Disappearing act.

One of the curiouser aspects of moving from Charlottesville to Blacksburg is that few people are likely to notice.

Everybody likes to think that, within their own sphere of influence, they are important. That if they were up up and disappear, the world might go on, but it would never be the same.

The thing is that the world doesn’t work like that. Most of us are important to these small groups as long as we’re visible, as long as we’re actually physically standing in front of somebody. Once we disappear from view, we’re gone, leaving few to ever ask, “say, what ever happened to her?”

I will move to Blacksburg early next month. I’ll visit Charlottesville every few weeks, here to see friends or conduct business. I’ll stay on the same Charlottesville mailing lists, I’ll write letters to the same newspapers, I’ll phone and e-mail the same friends and acquaintances for the same reasons as always. So my departure will go as unnoted as a birthday, my 19-month absence surely affecting nothing. When I return, I will point out to people that I have moved back to town, and they will scratch their heads and nod politely, wondering when I’d left and where I’d been.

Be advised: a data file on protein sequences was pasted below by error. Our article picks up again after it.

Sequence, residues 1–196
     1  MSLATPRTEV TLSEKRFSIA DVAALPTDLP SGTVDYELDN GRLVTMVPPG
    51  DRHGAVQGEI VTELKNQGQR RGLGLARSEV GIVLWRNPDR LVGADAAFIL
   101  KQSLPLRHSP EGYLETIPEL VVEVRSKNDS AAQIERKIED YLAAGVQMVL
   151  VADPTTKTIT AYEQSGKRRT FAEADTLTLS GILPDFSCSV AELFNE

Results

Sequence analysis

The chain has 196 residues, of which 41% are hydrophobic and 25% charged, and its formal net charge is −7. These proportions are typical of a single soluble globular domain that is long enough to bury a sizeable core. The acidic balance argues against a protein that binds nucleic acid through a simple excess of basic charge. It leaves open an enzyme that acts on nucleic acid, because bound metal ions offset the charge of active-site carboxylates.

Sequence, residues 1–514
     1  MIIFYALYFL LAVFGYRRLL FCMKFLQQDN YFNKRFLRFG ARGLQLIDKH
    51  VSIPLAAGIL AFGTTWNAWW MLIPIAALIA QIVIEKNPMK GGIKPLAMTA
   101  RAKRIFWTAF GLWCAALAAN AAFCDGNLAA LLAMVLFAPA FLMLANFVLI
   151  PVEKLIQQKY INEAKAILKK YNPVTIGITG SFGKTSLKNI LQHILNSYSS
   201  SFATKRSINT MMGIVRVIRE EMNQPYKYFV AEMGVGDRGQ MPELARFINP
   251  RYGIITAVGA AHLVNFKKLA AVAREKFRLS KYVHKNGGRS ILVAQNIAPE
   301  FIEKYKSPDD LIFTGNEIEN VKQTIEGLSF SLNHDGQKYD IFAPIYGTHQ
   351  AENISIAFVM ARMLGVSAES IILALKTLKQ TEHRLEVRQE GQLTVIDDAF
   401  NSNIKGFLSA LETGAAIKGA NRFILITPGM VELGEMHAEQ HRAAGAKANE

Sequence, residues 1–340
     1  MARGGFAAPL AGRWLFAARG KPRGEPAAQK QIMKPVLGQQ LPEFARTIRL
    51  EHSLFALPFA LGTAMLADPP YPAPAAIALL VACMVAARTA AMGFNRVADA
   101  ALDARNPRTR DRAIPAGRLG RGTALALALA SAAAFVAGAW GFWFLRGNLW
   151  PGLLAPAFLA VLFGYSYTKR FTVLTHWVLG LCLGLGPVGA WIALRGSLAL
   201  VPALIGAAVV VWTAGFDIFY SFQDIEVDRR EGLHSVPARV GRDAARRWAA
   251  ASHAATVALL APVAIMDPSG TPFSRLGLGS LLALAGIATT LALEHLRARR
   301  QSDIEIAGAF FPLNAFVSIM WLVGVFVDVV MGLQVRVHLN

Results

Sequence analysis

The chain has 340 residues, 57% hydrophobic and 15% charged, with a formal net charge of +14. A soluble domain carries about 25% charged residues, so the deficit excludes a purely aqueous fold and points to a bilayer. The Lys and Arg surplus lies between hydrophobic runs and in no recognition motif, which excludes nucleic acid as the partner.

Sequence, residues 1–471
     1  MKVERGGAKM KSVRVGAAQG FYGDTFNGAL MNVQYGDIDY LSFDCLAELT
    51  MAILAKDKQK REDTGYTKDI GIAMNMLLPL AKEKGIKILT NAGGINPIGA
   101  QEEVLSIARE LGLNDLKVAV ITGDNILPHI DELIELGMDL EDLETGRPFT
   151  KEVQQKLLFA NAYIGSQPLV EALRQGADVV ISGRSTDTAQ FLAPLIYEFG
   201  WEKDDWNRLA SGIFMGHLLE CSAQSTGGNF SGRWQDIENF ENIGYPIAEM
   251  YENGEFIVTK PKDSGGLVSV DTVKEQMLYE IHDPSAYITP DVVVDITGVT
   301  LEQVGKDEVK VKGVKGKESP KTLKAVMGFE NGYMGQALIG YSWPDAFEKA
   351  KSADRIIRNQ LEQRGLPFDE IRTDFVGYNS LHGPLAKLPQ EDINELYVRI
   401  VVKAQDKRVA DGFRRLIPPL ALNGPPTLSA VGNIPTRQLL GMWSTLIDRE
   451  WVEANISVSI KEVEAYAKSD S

We are all disposable. At least temporarily.

Published by Waldo Jaquith

Waldo Jaquith (JAKE-with) is an open government technologist who lives near Char­lottes­­ville, VA, USA. more »